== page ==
The story of King George VI of the United Kingdom of Great Britain and Northern Ireland, his impromptu ascension to the throne and the speech therapist who helped the unsure monarch become worthy of it.
Helena Bonham Carter
In 19th-century France, Jean Valjean, who for decades has been hunted by the ruthless policeman Javert after breaking parole, agrees to care for a factory worker's daughter. The decision changes their lives for ever.
The hit musical based on the life of Evita Duarte, a B-picture Argentinian actress who eventually became the wife of Argentinian president Juan Perón, and the most beloved and hated woman in Argentina.
Based on a concept album project written by Andrew Lloyd Webber and Tim Rice, and the subsequent long-running Broadway performance, this film tells the story of the final 6 days in the life of Jesus Christ through the troubled eyes of Judas Iscariot. Too often mis-labeled a musical, this film is a "rock opera." There are no spoken lines, everything is sung. Written by
Ralf Southard <email@example.com>
Ted Neeley made his debut as a camera operator during the filming of one of the more memorable scenes in Jesus Christ Superstar (1973): That in which "Judas Iscariot" is chased down a sand dune by five tanks. (The scene, incidentally, is meant to illustrate the desperation and personal conflict which drove Judas to consult the priests about betraying Jesus.) See more »
During the crucifixion, the sun casts shadows both behind and in front of the cross. See more »
Tell me, Christ, how you feel tonight! Do you plan to put up a fight? Do you feel that you've had the breaks? What would you say were your big mistakes? Do you think that you may retire? Did you think you would get much higher? How do you view your coming trial? Have your men proved at all worthwhile?
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This film represents all that Andrew Lloyd Webber is capable of: taking an old and complex subject and using a stellar rock score to look at it from a modern perspective. How strange it is that the most powerful epic of Christ's life should turn out to be this rock opera. This is probably because the main characters are expressed in modern terms of thinking. The best aspect of this film may be its portrayal of Judas Iscariot. Many films have tried to find a reason why Judas betrayed his master and mentor for thirty pieces of silver. However, all of them have been pretty much making up their own stories: Judas wanted to get Jesus
to use his powers against the Romans, Judas wanted to save his family. All
these have been just very big guesses. However, this film is probably the
closest to the truth about Judas. His reason is a more psychological one. He is simply worried that Jesus' teachings will get him arrested by the Romans, and that they will be turned into propaganda, like they are today. He is also just doubtful that Jesus is the Messiah (wouldn't you be if someone told you?) Jesus himself is portrayed as a dedicated spiritual leader, and his followers are looked at largely from his and Judas' perspective. The scene with Simon Zealotes, with followers throwing themselves at Jesus' feet in the dust is meant to make them look almost pathetically worshipping this man. To Jesus, his own Apostles are like children, pestering him about what his plans are for the future. Then, of course, there is the film's portrayal of Mary Magdalene as Jesus' lover. As she rubs ointment on Jesus' feet, you can sense the deep passion moving between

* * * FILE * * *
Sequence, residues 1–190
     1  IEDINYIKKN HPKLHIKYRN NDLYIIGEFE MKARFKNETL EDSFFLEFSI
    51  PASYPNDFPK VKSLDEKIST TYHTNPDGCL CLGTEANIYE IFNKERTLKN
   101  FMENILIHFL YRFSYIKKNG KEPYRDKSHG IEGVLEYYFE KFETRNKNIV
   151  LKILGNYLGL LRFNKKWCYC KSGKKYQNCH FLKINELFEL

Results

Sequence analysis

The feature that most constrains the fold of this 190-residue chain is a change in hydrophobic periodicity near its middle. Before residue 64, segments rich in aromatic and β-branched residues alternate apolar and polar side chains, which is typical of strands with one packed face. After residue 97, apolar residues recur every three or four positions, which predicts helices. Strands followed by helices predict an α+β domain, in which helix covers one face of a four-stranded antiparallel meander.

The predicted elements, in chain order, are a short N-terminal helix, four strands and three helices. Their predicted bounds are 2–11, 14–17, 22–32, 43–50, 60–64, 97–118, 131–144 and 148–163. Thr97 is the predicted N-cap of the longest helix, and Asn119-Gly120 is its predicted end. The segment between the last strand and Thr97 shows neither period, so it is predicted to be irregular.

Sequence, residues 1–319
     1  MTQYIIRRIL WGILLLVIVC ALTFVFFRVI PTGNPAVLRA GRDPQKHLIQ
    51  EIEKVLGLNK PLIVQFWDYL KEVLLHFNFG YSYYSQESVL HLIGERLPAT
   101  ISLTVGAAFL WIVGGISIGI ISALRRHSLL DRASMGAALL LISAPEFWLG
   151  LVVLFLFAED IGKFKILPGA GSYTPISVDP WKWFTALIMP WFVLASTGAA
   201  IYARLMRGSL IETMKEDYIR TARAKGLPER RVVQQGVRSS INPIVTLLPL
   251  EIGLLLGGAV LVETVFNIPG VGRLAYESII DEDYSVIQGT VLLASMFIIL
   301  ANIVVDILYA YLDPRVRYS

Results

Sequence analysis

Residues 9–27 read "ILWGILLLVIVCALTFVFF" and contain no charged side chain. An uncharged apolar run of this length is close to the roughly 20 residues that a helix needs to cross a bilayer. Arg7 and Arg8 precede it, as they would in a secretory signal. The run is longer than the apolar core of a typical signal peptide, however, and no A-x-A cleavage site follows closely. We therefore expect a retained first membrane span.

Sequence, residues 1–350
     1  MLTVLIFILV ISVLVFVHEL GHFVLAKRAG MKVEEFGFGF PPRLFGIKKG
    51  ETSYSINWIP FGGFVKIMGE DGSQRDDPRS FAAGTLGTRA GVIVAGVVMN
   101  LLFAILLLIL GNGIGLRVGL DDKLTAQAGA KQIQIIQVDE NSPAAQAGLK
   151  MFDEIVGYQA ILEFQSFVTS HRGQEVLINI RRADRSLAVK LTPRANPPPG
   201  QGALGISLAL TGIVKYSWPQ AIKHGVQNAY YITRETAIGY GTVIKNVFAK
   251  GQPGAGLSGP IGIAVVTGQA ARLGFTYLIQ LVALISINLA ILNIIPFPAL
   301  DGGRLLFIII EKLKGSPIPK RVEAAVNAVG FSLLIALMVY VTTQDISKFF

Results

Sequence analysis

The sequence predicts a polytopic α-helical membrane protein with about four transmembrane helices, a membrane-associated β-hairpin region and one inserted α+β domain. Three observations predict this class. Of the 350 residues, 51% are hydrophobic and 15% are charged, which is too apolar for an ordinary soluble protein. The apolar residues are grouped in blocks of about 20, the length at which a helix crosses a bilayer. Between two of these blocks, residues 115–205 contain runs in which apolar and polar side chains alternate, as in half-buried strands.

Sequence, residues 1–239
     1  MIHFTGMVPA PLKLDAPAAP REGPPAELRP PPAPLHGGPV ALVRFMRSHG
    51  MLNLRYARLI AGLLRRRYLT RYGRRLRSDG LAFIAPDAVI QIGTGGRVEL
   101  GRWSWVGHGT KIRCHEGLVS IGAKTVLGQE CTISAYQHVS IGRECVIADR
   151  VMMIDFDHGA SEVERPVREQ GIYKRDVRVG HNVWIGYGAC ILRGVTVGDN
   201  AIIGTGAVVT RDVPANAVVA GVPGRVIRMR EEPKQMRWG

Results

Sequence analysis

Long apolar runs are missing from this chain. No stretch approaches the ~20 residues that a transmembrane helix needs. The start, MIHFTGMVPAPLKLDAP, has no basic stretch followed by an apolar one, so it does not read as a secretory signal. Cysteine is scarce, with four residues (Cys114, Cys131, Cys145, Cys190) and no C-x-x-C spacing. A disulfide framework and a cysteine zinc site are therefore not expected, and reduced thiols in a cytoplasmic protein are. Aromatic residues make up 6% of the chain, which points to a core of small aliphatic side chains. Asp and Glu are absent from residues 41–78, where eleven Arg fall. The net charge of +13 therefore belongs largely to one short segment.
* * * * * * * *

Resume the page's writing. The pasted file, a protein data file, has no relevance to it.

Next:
them. Jesus is human, and must, therefore, love. The priests and pharisees are shown as worried about Jesus' influence, fearing it will turn into a revolution, and Pontius Pilate is shown as a faithful politician, trying to do what is right, but pulled away from it by the people demanding Jesus' death. Just the title of this movie is enough to put some people away from it. But the title makes Jesus more modern, because, probably to people at the time, Jesus
seemed like just a passing fad. Maybe this was what Jesus thought too. In this respect, Jesus may have had doubts about whether he could really make any
difference, and if he would be remembered, or if his followers were really just hungry for the next big thing. The film's setting in the Israeli ruins gives the film an almost surreal look, which is furthered by the design of the film, a stark mixture of ancient and modern, which is so well done it is sometimes hard to tell where one ends and the other begins. This serves to point out the similarities between then and now. The film's greatest point moves through the score and the cast. Carl Anderson makes Judas almost unplayable by anyone else. Ted Neeley, while his voice
may not be perfect, has an amazing delivery, and brings new depth to Jesus
with his rendition of "Gethsemane." Yvonne Elliman is remarkably soulful as
Mary Magdalene, and Bob Bingham's low, gravelly bass voice cuts chillingly
through the more serious scenes, helped along by Kurt Yahjigan's falsetto as
Annas. Barry Dennen is a remarkable Pilate, and Josh Mostel makes King
Herod, the Jewish puppet ruler, look remarkably petty and foolish, yet funny in his ragtime burlesque style song. The film also contains Andrew Lloyd Webber's richest score, especially at the end, bringing out the suffering of Jesus. The sound distorts the soldiers laughter, mixing with the vultures crying, and the cross creaking, the hammer pounding in the nails, and the rattle of dice as they gamble for Jesus' clothes, and the sobbing of Mary Magdalene. Jesus voice
remains normal, and his death ends the film, making this, in my opinion, the
most powerful and moving and maybe most accurate version of the Passion.
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